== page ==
My friend heads a team of people who provide customer service for 401(k) participants from large companies. The end of the year is his team's busiest time because of the number of people who want to take money from their retirement accounts, either as a rollover or as a withdrawal to pay bills.
He and his teammates are prohibited from giving almost any advice to plan participants who call in to initiate the transfer of their money. Even so, he has some good ideas to share. Here are a few:
Know the cost of the move. Most of the time when you leave a company, you don't have to do anything with your 401(k). Your money can continue to sit in your former employer's account, earning interest. Sometimes, your former employer offers lousy investment options, or the fees may be unusually high. But often, the deal that you can get while inside a company 401(k) is better than what you might get outside of it. Before you make a move with your money, consider all the fees. Even a savings on fees of 10 or 15 basis points inside a company 401(k) can add up, especially if the investment options are superior.
Don't take out all of your money. Someone may need only $2,000 or $3,000 to wipe out a bill, but he or she may have $20,000 in the 401(k). The temptation might be to take out the whole thing, feel rich for a while, and worry about taxes and penalties later. As my friend says, it's a bad retirement planning strategy. A better idea is take only what you need and roll the rest into an IRA.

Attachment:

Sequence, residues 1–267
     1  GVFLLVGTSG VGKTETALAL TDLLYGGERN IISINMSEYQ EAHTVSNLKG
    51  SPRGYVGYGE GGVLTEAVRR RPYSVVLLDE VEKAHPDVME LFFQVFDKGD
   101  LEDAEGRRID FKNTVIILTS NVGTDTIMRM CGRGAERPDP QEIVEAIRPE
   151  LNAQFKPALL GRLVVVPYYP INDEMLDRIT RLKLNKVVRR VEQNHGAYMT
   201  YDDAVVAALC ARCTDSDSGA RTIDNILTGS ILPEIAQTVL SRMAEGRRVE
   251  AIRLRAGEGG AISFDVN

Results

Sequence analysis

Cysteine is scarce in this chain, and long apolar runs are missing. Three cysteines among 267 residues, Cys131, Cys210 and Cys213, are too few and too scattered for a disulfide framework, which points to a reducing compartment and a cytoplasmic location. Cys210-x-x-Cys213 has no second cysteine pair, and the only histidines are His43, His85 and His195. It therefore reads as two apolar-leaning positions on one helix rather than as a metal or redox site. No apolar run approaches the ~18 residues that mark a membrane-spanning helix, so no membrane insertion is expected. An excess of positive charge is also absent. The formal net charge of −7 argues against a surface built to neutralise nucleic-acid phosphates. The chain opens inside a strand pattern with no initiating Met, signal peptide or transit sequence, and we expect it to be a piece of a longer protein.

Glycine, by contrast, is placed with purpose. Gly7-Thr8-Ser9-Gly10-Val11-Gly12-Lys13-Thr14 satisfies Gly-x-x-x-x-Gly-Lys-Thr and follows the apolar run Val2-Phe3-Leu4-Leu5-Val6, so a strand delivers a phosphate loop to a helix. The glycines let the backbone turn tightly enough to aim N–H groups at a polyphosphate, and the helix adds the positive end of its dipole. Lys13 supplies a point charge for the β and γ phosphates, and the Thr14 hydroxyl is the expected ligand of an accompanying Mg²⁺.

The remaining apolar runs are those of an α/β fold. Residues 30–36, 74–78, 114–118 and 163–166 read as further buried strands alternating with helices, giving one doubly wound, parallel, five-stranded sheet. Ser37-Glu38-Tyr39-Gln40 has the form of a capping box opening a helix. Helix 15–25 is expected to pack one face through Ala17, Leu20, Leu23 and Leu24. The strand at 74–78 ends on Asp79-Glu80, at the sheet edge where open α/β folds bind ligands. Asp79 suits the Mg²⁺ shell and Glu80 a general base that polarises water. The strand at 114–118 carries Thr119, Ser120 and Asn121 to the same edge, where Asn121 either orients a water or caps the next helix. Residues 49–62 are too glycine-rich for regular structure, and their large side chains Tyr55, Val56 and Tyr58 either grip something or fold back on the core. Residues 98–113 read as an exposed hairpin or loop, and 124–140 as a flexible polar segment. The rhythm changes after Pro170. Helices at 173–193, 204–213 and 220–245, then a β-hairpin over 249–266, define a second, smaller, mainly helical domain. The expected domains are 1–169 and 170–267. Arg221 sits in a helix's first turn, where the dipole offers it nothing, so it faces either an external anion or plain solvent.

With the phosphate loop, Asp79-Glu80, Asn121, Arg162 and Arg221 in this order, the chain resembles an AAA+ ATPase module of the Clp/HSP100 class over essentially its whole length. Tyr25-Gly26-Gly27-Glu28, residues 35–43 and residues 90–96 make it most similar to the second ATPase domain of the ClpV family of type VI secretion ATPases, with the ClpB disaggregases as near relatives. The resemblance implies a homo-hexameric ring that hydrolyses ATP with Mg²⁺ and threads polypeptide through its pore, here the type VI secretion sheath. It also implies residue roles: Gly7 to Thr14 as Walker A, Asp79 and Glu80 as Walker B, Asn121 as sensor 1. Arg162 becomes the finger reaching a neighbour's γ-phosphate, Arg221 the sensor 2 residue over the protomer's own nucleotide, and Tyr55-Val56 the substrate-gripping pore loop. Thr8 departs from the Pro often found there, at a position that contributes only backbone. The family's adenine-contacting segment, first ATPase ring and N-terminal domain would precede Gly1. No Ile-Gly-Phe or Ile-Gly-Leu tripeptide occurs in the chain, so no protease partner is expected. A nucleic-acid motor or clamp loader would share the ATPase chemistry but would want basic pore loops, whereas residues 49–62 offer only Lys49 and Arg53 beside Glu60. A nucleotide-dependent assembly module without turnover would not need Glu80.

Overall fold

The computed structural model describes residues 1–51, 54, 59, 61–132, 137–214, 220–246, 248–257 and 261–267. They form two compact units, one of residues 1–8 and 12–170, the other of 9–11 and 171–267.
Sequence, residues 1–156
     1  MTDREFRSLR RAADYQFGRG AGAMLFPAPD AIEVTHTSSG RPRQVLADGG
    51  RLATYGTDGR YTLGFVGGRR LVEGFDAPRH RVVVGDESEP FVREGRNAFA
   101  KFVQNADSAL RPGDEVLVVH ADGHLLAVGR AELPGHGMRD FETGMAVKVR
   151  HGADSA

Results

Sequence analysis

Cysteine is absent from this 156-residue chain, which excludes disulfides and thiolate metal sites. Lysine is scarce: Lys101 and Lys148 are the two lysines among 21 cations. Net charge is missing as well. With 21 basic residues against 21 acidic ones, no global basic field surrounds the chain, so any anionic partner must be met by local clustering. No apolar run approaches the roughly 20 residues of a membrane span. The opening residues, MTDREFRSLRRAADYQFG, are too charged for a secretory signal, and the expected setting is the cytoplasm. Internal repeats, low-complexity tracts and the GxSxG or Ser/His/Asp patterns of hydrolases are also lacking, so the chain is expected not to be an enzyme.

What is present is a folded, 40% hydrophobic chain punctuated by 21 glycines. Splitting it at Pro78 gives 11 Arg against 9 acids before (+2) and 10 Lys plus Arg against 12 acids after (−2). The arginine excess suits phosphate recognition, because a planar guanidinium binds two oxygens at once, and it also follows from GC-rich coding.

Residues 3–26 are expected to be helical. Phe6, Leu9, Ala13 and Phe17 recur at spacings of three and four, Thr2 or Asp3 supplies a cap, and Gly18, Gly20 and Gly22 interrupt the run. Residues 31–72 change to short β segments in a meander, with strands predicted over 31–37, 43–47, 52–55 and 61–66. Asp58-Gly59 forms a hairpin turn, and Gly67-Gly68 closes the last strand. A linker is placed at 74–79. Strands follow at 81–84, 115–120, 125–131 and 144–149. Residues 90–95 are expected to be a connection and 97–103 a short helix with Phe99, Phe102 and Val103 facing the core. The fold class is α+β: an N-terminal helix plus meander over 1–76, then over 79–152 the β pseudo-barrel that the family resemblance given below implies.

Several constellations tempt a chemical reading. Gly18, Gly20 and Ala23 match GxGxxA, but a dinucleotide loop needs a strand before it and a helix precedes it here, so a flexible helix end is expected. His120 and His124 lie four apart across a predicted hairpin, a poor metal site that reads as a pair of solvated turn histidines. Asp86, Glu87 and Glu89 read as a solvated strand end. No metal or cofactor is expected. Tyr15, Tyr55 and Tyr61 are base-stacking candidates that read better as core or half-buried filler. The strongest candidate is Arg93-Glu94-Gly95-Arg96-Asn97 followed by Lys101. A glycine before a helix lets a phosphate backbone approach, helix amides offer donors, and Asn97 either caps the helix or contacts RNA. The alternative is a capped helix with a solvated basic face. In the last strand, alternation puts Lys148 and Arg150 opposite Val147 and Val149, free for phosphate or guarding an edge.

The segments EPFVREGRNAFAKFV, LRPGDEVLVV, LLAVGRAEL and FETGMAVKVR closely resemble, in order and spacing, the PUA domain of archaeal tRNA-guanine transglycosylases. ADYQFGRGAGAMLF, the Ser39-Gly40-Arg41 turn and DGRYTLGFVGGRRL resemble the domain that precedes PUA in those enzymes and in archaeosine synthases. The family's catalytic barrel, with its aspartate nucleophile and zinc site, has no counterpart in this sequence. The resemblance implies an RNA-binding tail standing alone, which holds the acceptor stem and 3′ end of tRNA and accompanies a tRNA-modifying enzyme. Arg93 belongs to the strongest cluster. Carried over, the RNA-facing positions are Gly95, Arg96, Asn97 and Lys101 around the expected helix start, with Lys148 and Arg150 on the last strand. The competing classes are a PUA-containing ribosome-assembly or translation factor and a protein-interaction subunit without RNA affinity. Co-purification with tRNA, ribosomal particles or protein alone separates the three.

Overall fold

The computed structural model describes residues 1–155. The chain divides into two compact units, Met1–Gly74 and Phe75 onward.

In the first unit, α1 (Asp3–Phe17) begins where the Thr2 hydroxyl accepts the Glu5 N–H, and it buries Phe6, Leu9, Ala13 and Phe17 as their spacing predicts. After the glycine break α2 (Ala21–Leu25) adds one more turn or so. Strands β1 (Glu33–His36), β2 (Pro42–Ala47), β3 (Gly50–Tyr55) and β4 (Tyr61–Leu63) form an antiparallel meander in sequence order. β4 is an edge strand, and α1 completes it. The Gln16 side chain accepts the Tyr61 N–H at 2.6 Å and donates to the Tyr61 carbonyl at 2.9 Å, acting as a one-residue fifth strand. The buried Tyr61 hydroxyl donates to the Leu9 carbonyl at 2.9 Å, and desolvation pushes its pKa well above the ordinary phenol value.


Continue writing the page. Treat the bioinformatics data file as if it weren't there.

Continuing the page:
Know where you're rolling. If you do decide to roll, arrange for a direct rollover to the new account before you get on the phone with your company's 401(k) administrator. It will make the whole process smoother, and it will make it less likely that you'll end up blowing your retirement savings.
Ask yourself: Do you have to make the move this year? If you pull money out of your 401(k) before the end of 2013, you'll owe taxes and any penalties when it's time to pay your 2013 taxes in April 2014. If you wait until Jan. 2, 2014, you won't have to pay taxes and penalties until April 2015 -- nearly 16 months from now. In the meantime, you can adjust your withholding to compensate, and that should help mitigate some of that pain.
Is there a better idea? My friend is a registered investment adviser and he hates credit card debt, but he says that sometimes credit card debt is preferable to gutting your retirement savings. If you can figure out a low-interest, no-interest credit card strategy and have the wherewithal and the discipline to make it work for you, you could come out way ahead.
What do you say? Are you still tempted to raid your 401(k)?